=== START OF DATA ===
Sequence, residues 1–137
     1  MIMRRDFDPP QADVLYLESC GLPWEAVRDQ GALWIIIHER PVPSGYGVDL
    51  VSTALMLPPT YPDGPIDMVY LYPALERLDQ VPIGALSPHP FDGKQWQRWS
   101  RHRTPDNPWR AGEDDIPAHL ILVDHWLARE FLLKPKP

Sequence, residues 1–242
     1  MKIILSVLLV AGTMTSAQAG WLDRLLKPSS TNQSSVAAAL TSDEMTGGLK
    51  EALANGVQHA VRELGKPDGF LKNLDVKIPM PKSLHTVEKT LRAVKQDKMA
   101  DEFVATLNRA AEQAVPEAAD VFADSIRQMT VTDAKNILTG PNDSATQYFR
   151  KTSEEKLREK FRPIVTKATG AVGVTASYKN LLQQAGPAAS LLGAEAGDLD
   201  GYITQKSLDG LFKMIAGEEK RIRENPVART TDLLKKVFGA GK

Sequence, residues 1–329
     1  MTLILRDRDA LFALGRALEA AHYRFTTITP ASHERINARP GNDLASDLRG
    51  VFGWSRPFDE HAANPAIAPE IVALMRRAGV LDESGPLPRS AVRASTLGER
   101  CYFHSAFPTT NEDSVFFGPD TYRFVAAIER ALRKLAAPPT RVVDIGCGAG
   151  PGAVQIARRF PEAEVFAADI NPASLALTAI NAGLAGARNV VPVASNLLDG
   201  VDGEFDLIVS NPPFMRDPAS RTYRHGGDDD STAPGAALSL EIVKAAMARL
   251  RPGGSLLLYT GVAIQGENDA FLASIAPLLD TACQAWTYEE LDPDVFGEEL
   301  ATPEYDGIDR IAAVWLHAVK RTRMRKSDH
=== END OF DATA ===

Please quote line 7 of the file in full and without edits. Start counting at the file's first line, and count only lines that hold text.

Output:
    51  EALANGVQHA VRELGKPDGF LKNLDVKIPM PKSLHTVEKT LRAVKQDKMA